Can Sam Darnold Be USC’s Tim Tebow?

USC quarterback Sam Darnold against the Arizona State Sun Devils at Sun Devil Stadium. (Mark J. Rebilas-USA TODAY Sports)
USC quarterback Sam Darnold against the Arizona State Sun Devils at Sun Devil Stadium. (Mark J. Rebilas-USA TODAY Sports) /

Max Browne is USC’s starting quarterback. But could the Trojans be preparing to use Sam Darnold in a role Tim Tebow made famous?

USC football coach Clay Helton made the decision to name Max Browne his starting quarterback over the weekend, but didn’t exactly shut the door on using redshirt freshman Sam Darnold in 2016.

“Though we will not rotate quarterbacks, we do envision using Sam’s unique athletic skill set for special situations throughout games this season,” Helton said in a press release.

What exactly does that entail? The Trojans remain mum on the specifics, as they prepare to face the defending national champions Alabama next week.

But don’t think for a second that it’s entirely a secret.

“Reading between the lines, I’m sure we’ll have some sort of package to use his running abilities,” Browne said Tuesday after practice.

Darnold took it a step further, insinuating that he could be used on short-yardage plays, including opportunities at the goal line.

Tebow became the star of a championship team he didn’t even start for.

Finding any way possible to get a talented, big-framed quarterback on the field is not a unique idea in college football. It’s a damned good one.

Urban Meyer’s Florida Gators famously utilized true freshman Tim Tebow as a short-yardage quarterback in 2006, on their way to winning a national title.

Despite firmly being behind senior starting quarterback Chris Leak, Tebow accounted for 13 touchdowns as a red zone threat –eight with his legs– and carried the ball 89 times for 469 yards.

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It was iconic, and whether Tebow was developing his trademarked jump pass or scampering into the end zone, he became the star of a championship team he didn’t even start for.

Five years later, Oklahoma took the idea a step further with Blake Bell, a massive 6-foot-6, 254-pound quarterback who now plays tight end for the 49ers.

The Sooners would line him up in power shotgun sets, flanked by a pair of blockers typically seen in wildcat formations.

The strength in numbers made it virtually indefensible.

In a two-year stretch between 2011 and 2012, Bell scored an absurd 24 rushing touchdowns on just 103 rushing attempts.

That includes his a freshman season in which he didn’t see considerable use until the eighth game of the year, and still wound up scoring 13 times, with 59 percent of his carries resulting in a first down or touchdown.

Could Darnold be that freakishly successful?

Perhaps not entirely, given that he’s not the specimen of Bell, who was nicknmaed ‘The Belldozer’ and ran the ball like a tall fullback.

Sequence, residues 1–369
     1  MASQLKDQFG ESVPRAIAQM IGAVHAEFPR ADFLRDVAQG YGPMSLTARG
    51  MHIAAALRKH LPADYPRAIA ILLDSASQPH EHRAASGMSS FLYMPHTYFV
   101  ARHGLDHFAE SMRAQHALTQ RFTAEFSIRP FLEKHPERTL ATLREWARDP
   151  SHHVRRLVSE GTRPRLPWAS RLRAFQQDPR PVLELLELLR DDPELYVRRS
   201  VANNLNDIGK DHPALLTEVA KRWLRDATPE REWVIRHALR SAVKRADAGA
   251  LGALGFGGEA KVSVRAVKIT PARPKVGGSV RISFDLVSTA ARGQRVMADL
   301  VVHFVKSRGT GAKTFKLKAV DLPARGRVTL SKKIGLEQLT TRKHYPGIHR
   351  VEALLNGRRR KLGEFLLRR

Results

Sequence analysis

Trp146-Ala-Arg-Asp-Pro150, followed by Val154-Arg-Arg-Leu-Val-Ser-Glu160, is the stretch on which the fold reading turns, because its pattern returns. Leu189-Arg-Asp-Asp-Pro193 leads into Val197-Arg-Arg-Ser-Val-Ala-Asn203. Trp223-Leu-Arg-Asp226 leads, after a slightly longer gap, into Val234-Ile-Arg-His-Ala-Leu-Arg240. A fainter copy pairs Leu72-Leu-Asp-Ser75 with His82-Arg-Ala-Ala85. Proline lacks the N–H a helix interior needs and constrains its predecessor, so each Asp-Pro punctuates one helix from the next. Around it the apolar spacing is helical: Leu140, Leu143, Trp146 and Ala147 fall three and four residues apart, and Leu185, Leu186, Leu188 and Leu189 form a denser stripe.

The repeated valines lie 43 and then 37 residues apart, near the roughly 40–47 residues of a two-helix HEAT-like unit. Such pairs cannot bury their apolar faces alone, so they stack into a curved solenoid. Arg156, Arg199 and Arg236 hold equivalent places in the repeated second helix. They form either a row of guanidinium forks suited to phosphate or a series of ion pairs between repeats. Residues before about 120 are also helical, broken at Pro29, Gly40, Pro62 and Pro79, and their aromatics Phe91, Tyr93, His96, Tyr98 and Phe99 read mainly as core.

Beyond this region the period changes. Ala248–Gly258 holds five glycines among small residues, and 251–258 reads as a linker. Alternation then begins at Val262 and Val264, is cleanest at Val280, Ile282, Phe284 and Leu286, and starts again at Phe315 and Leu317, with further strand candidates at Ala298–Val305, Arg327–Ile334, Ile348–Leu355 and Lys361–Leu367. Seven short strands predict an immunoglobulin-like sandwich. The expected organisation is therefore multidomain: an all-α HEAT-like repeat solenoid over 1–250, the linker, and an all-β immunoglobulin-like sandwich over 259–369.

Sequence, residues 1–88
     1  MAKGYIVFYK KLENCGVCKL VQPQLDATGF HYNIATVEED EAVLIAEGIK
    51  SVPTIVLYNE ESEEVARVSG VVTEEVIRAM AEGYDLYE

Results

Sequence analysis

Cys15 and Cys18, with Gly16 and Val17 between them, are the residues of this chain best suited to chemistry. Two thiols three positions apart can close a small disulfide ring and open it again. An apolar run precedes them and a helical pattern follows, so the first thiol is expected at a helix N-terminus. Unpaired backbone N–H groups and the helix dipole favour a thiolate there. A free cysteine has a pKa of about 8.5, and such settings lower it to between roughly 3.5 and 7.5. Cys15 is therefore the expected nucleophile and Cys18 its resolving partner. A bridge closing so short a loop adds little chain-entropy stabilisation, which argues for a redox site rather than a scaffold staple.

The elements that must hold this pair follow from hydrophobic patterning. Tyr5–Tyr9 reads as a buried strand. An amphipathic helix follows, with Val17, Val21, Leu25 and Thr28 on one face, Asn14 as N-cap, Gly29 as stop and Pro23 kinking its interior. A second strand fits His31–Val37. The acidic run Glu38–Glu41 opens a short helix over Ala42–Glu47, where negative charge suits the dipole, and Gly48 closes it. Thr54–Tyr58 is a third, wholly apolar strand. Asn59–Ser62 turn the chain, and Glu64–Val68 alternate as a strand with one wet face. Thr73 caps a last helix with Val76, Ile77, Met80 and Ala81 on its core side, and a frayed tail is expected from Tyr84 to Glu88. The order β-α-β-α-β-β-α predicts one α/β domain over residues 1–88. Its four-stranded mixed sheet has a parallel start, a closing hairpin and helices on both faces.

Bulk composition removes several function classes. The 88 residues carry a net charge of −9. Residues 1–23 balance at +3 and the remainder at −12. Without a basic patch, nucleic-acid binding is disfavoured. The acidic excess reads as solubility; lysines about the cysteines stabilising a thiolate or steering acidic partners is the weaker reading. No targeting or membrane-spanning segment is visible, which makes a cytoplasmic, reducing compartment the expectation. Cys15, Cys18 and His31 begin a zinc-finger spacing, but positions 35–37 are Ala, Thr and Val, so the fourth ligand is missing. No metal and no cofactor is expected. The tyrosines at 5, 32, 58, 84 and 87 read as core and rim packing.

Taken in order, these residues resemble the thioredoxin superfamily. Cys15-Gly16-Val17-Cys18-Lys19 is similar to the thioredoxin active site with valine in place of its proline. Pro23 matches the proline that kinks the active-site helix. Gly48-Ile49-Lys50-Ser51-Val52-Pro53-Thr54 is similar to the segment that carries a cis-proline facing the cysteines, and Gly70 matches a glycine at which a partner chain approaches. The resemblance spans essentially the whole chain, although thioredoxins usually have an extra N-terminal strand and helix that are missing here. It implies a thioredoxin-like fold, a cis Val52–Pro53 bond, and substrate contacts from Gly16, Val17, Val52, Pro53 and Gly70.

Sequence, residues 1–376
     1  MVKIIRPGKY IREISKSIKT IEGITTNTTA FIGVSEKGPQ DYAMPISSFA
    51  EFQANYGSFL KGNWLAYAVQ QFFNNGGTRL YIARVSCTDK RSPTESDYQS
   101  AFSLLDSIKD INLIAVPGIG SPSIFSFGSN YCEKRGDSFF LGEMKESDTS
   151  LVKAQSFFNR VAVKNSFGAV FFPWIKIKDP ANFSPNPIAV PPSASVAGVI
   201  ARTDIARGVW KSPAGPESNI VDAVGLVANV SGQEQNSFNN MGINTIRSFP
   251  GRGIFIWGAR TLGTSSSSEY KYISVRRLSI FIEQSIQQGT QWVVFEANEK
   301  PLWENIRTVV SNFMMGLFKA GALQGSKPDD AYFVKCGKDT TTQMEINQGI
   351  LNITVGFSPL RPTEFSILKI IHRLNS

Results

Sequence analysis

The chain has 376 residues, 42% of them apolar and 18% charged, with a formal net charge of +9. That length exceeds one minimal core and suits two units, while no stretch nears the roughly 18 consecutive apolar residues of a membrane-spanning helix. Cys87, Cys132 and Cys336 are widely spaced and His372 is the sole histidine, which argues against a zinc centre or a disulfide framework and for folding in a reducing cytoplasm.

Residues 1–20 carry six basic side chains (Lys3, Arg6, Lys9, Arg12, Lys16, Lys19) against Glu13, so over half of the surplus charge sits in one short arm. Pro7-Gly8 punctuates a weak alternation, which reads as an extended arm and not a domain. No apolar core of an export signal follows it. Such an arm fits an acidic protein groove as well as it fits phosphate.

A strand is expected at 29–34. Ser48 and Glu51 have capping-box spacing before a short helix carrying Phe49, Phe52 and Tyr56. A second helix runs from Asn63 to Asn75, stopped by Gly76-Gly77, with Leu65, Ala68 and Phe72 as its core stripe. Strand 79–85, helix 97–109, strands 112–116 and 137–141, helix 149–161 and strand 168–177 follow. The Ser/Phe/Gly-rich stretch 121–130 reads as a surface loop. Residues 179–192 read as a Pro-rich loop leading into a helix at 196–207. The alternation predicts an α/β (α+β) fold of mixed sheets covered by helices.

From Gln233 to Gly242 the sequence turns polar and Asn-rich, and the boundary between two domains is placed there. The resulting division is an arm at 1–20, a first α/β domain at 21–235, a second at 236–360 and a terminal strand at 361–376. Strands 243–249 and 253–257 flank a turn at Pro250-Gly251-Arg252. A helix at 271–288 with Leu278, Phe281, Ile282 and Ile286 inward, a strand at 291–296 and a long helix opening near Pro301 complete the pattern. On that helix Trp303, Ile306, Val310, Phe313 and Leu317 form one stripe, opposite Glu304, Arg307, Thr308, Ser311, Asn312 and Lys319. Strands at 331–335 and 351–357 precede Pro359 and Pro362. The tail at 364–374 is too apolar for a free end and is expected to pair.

At 6-foot-4, 225 pounds, Darnold is more physically comparable to Tebow, save for a couple of cheeseburgers.

But what he lacks in beef, he makes up for in his arm. Add in the versatility of redshirt sophomore wide receiver and converted quarterback Jalen Greene, and USC has an endless amount of wrinkles to consider, short-yardage or not.

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“The opportunity to get a good athlete in in certain situations is advantageous for us,” Helton said.

The task comes down to how to manage one additional weapon, without it being a deterrent to the arsenal.

That’s been a problem for the Trojans the past few seasons. They’ve been inconsistent with gadget plays, only seeing them out so far, and ultimately relying on them at importune times.

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For every shovel pass to Adoree’ Jackson that goes for a touchdown, there’s a botched two-point conversion with Tre Madden in the wildcat.

For every double pass from Greene to JuJu Smith-Schuster, there’s a failed fourth down attempt with Marqise Lee lined up as a wing back.

So with great power [running] comes great responsibility for offensive coordinator Tee Martin. But given the remarkable success of Tebow and Bell, you can’t help but wonder how successful the Trojans could be by thinking outside of the box.

MUST READ: Game By Game Predictions for USC in 2016

And, perhaps its fitting that the first deployment of the Sam Darnold goal line attack could be against Alabama, the same team famously worn down by Sam ‘Bam’ Cunningham, one of the most iconic goal line runners in college football history.

Maybe this was the divine plan all along.

“We’ll see on the 3rd,” Martin said with a smile Tuesday evening.